The baby’s father was listed as unknown.
When she was several months pregnant, Norm hired a new girl for the print shop. This girl caught Ron’s eye and they were soon dating. She also became pregnant. He told her to get an abortion.
And that baby became number four.
She was barely 18 when her water finally broke and she went into labor. She drove herself to the hospital, about to give birth to her first child.
She was completely alone when she gave birth: “It’s a girl!” the doctor exclaimed.
She took the little eight pound, blonde haired baby girl home and raised her alone. They moved often, and she worked hard to keep a roof over her baby’s head. She earned her real estate license and about a year later, she was at the office when the local Baptist pastor began stopping by. For six months, he invited her to visit his church, and finally, one Wednesday evening, she decided to give it a try.
The first time she entered a church was with her toddler girl on her hip. She soaked in the message of forgiveness of sins through Jesus Christ alone, and accepted HIM that very night. Six months later, she was singing in the choir when a visiting young Navy sailor spotted her from the congregation. It was literally love at first sight, and they were engaged thirteen days later, and married within four months.
They asked Ron’s permission to have the baby girl legally adopted by the new husband.
He signed the paperwork and was never heard from again.
The baby girl grew up. She loved babies and Jesus from the time she was very young, and today, she is happily married adult with eight children of her very own, five the old-fashioned way, and three through adoption.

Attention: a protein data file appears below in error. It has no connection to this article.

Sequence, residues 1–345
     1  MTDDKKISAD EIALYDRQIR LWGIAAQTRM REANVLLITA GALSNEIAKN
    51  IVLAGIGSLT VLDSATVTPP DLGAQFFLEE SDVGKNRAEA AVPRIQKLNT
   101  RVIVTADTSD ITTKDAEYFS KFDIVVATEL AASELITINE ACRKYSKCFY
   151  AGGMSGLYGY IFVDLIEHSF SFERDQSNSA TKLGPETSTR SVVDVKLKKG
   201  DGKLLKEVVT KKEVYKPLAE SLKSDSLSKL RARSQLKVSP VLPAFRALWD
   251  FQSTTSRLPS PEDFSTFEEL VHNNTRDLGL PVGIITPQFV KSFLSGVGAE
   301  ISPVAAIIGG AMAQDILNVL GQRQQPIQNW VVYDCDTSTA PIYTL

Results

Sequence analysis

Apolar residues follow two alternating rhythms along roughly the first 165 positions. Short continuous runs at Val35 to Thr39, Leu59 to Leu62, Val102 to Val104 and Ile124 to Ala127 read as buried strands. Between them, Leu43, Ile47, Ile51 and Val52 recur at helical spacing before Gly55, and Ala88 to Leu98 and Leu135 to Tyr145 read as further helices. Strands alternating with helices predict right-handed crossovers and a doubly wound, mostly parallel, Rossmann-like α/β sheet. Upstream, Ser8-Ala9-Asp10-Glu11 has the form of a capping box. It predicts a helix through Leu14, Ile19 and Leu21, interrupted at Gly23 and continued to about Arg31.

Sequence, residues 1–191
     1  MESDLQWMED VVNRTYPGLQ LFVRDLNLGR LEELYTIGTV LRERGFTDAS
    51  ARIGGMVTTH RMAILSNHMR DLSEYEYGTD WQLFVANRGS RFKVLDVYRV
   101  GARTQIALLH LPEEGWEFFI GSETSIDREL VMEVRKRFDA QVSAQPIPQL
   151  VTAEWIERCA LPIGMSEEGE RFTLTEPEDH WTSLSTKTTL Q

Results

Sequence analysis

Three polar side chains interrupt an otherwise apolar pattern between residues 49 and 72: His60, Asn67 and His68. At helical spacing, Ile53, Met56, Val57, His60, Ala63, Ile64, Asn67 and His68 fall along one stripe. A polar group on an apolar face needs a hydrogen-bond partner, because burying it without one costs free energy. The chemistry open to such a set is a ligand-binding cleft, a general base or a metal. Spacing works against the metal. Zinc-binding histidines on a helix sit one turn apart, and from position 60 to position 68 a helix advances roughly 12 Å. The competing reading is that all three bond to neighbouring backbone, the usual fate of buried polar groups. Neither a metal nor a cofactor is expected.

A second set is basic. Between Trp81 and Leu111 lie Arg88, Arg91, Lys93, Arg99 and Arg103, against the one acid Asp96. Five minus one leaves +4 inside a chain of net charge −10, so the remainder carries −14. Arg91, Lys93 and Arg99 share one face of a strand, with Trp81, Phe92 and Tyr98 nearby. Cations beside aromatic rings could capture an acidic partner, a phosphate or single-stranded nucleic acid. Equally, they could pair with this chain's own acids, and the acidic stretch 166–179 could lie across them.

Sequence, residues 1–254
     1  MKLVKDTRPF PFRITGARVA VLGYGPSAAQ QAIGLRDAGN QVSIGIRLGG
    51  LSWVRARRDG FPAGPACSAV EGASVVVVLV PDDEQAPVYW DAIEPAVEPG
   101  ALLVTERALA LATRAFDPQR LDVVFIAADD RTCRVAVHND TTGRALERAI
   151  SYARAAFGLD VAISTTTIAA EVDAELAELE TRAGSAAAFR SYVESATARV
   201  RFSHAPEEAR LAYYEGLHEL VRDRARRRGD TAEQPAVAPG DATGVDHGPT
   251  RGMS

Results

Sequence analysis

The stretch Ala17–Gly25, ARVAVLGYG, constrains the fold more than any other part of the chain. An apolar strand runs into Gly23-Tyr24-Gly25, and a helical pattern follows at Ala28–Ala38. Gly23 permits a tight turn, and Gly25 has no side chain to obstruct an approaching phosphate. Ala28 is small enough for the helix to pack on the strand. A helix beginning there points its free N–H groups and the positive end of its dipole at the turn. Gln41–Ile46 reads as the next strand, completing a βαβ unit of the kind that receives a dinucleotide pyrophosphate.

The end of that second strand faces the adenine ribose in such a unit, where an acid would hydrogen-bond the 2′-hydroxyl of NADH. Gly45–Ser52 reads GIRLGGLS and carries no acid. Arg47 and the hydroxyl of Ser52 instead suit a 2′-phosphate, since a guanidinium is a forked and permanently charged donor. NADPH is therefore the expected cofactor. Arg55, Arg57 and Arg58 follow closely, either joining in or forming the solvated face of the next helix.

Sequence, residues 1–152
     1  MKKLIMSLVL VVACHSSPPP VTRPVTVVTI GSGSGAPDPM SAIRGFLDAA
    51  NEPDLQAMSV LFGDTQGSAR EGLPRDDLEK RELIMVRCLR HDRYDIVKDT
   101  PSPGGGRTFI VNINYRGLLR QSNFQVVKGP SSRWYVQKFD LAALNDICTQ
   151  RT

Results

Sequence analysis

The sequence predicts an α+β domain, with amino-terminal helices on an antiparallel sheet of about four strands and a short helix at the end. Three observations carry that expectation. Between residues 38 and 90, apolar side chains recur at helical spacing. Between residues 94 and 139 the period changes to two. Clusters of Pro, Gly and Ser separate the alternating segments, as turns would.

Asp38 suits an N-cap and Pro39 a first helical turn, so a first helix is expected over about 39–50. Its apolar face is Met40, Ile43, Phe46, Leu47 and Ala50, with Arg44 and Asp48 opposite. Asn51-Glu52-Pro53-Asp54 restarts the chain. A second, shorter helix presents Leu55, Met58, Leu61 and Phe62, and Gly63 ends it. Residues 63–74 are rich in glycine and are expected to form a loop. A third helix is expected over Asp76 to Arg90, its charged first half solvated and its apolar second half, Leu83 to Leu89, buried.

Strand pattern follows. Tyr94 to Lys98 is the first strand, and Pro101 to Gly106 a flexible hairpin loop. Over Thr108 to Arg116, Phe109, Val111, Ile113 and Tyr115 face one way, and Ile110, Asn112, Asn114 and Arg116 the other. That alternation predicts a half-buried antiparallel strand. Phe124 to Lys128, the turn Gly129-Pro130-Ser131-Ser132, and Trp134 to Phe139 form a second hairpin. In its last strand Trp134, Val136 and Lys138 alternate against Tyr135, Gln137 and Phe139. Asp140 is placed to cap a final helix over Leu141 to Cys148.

Yes, I was the baby girl in this true story.
And I was almost number four.
Somewhere in heaven, I have
at least four sweet siblings whose lives ended before they could even begin. I hope to meet them someday, and whisper how sorry I am that our grandfather’s abuse passed such an aversion to children on to our father that he convinced their mothers to abort them. With tears streaming down my face, I hope to tell them that I love them, that I’m so thankful they were numbers one, two, three, and four. Because that means that I AM ALIVE for a reason beyond my comprehension.
If I seem excessive about gentleness with little ones, it is because I was almost murdered because of an abusive hand.
If I seem redundant in encouraging fathers to love their children, it is because I was unloved by mine and I know how it shaped me, as a child, and even now, as an adult.
If I seem passionate about mothers taking the time to connect with their children, it is because I was raised by a mother who loved me unconditionally from the moment of my conception. She gave me life, and choose life and love for me every single day of my childhood. And it matters.
And if I seem heartbroken over the literal millions of orphaned children around the world who don’t know the love of a parent and don’t know my Jesus….and even more heartbroken over the millions of babies whose bodies are torn apart before they ever view their mother’s face, it’s because I AM.
I was almost number four, but by the grace of God, and a young woman’s selfless decision, I’m alive today.
And I will never take that for granted.